I’ve just been looking online to see what was happening back in 1949, just 4 short years after the Second World War. Rationing was still very much on the cards although clothing would soon be coupon free. Here in Britain millions of people were trying to get their lives back to some sort of normality after seeing their families and homes torn apart by 6 years of sadness and destruction.
In 1949 the world was still trying its best to be prepared for another war founding the North Atlantic Treaty Organisation. It was the year when young men were still being forced into National Service just in case we needed them to fight again. The British Navy was in action in the Yangtze River collecting British Commonwealth refugees fleeing the communist forces of Mao Tse Tung. Later that year People’s Republic of China would be established.
In Europe the Iron Curtain was closing tightly. This was the year West Germany was founded, closely followed by communist East Germany. There was already a major international crisis between the East and the West with the Soviet blockade of Berlin meaning the West had to fly in supplies to keep West Berlin fed and partying.
Whilst all that was going on out there in the world here in Swansea a grocer from Pontrhydyfen and a teacher from Brynhyfryd got married in a little Gospel Hall in Phillip Street Manselton. Stan had spent the war on the destroyers chasing the U-Boats around the Bay of Biscay. Meudwen had spent the last few years in East London, avoiding the doodle bugs and teaching the East End kids how to read and write.
Stan Pope in 1945 and on the right HMS Wren on which he served
After the war Stan still dreamed of being a teacher. His mother had died a few years earlier but as his father had in the last years of the war and he still had a little brother that needed looking after he decided to put his plans on hold and take over the family business. Every Sunday he would travel up and down the South Wales valleys in his little grocers van using a license that he bought as in those days they didn’t have a driving test. As a preacher he was much in demand. As an orphan who was still well below his fighting weight he was the object of much attention from some of the older members of the Gospel Hall community. Stan needed to find a wife and family and they would do everything they could to find one.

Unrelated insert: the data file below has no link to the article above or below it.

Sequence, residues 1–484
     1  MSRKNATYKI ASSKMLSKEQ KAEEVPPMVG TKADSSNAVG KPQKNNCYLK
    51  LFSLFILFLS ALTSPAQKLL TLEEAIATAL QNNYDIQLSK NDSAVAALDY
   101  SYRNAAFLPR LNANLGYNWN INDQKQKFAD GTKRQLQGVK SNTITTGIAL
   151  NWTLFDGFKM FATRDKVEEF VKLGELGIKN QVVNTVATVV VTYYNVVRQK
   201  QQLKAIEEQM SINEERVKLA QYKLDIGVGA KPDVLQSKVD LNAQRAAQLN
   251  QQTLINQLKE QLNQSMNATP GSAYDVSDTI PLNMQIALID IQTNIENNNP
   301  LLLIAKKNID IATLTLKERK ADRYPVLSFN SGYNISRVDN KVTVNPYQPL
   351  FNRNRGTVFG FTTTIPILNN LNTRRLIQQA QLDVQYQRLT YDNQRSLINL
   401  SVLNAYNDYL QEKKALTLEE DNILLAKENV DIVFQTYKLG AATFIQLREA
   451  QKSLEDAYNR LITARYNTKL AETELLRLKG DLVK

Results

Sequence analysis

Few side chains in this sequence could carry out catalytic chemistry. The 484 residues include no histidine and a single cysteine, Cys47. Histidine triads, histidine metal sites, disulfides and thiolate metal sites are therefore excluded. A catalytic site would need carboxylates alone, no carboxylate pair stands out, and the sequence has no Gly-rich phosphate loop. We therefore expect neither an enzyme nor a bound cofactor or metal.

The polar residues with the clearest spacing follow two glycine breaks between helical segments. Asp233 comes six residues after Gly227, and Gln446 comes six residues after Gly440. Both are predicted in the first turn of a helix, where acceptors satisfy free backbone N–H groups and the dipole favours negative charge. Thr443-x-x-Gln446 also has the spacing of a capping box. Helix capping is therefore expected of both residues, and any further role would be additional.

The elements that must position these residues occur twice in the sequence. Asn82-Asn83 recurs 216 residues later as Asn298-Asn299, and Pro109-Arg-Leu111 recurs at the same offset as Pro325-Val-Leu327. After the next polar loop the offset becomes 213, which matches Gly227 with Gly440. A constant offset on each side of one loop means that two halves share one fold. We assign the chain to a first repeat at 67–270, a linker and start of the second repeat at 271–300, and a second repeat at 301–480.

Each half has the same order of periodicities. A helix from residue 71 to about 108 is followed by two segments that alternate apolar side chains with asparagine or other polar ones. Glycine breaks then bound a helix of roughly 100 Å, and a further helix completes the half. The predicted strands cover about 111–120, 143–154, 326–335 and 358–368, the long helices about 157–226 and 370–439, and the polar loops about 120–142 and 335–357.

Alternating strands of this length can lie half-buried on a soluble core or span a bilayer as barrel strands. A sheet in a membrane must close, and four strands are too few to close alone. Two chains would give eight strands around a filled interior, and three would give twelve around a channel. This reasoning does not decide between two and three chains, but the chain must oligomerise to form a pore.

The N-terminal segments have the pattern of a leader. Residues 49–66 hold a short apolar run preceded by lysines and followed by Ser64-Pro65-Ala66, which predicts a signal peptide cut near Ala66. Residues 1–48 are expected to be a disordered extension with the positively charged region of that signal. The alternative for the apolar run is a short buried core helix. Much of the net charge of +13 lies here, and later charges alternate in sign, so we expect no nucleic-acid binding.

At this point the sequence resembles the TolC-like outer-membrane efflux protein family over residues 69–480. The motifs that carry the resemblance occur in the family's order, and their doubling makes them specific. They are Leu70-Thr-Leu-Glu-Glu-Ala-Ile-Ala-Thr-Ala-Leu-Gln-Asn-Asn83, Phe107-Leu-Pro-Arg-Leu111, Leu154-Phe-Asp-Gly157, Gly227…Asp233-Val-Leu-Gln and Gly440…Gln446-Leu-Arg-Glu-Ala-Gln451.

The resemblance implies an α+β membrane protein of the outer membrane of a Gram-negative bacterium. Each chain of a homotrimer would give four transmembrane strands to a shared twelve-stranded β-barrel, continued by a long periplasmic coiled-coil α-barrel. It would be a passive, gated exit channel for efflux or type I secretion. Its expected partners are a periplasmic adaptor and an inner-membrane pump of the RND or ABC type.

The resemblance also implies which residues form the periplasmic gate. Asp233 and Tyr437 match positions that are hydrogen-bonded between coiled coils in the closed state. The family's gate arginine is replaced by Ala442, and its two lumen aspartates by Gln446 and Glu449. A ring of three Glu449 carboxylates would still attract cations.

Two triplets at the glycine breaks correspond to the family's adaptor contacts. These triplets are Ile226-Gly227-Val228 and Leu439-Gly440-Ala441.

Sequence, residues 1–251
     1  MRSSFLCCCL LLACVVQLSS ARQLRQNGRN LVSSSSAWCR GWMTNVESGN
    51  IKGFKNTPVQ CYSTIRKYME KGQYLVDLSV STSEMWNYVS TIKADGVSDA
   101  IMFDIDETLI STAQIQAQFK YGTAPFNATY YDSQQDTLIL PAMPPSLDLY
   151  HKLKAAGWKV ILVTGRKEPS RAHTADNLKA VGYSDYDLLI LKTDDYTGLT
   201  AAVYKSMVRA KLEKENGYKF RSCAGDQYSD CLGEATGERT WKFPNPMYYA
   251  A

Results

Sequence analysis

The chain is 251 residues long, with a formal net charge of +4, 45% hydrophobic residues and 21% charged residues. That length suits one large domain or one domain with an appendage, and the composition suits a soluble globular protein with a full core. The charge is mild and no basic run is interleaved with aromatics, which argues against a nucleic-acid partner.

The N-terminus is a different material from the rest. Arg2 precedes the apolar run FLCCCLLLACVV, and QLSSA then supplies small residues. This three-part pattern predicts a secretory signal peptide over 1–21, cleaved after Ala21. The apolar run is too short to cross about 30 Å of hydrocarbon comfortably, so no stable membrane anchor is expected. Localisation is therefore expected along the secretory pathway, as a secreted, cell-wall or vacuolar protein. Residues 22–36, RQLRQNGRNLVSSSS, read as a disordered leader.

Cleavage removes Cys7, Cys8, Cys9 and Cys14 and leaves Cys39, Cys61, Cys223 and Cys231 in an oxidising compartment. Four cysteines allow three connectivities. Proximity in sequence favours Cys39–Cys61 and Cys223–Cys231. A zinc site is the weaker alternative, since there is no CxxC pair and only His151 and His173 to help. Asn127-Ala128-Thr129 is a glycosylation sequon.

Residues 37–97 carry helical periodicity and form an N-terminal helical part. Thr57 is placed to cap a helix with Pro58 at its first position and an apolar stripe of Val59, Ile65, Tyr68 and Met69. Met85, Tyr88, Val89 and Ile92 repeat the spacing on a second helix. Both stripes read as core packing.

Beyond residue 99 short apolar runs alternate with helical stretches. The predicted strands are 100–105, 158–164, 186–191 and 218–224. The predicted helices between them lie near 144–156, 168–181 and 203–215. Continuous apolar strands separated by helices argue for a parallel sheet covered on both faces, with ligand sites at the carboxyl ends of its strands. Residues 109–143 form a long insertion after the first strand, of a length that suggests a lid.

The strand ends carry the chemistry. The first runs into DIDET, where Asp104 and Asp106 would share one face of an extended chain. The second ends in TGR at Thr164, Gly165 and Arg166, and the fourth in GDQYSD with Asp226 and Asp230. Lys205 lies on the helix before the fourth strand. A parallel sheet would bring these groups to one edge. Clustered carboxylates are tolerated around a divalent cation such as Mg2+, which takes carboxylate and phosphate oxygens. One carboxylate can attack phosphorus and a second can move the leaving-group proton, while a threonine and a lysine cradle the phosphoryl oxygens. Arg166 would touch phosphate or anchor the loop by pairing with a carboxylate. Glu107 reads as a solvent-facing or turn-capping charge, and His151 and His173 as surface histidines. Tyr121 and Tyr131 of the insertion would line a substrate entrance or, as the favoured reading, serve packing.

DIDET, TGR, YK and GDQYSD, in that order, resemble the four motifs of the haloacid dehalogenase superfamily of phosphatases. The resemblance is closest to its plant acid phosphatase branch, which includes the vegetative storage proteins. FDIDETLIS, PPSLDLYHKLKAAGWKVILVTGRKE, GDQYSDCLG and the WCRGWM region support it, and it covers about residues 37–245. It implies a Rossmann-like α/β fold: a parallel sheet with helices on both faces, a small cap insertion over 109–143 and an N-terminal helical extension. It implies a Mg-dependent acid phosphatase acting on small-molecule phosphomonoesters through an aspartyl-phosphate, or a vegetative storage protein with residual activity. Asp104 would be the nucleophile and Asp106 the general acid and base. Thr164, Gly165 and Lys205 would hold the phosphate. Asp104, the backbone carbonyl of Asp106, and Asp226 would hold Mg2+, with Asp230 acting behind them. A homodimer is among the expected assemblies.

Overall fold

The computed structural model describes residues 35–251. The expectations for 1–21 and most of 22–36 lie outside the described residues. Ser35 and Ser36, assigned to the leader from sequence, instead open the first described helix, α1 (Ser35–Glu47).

Post war, Meudwen had returned to Swansea getting a job teaching in Gendros School. That first summer they both found themselves at the Swansea Holiday Conference, a week away in a country house in Wiltshire called Grittleton. Obviously Stan had heard about the lady from Swansea. That night in the boy’s dorm Stan said out loud does anyone know Meudwen from Swansea. The lad in the next bed said ‘I should do, she’s my sister!’
With so much in common they soon hit it off but he still had to pass the family test. For their first official date Stan took Meudwen to the Mumbles. She didn’t like his rather nifty trilby which she certainly made quite clear. I think she said it made him look a bit like a spiv. He definitely understood that she was not a lady for turning when she made a decision. As far as I can remember I never ever saw my dad wear a hat. He also never saw my grandmother and grandfather watching from a safe distance. Some might have called it spying on the young couple I would say it was them just doing due diligence.
So after a traditional courtship on April 14th 1949 they got married and started a life together. She would support him as he went back to college to train to be a teacher. He would comfort her as they coped with losing a child early in her first pregnancy. Then came the children, a boy, then another boy and then me. They coped with success and failure together. They taught generations of other people’s children in school during the week and in Sunday School on the weekends. Then came the weddings and grandchildren.
The Pope Family circa 1963. The boys from the left, David, Gareth and Maldwyn
A couple of years ago my dad fell ill. The vows said took in 1949 said ‘in sickness and in health’ and as she headed into her 90th year my mum took on the role as primary carer for her Stan. It was just before Christmas that she had a fall. For 4 days she tried to persuade us that it was just her sciatica playing up and that she would soon be better. In her my mind I’m sure was the thought if she had to go into hospital Stan would have to go into a home. After 4 days of intense pain she finally gave in and allowed herself to be taken to hospital where an x-ray showed she had snapped her hip. 4 days with a broken hip!!! She is one tough lady.
For the first time in 68 Christmas’s they would be apart, Mum in Singleton and Dad in care. 2 weeks ago my mum left hospital for a period of convalescence and last week my dad joined her. They are now together again and yesterday we all celebrated with them their 68th Wedding Anniversary. She still fusses over him making sure he is comfortable and he still looks at her and smiles. People will write of Romeo and Juliet, Kathy and Heathcliffe, Elizabeth Bennet and Mr Darcy but in my eyes, and I know I’m probably a little biased, the story of Stan and Meudwen rivals them all.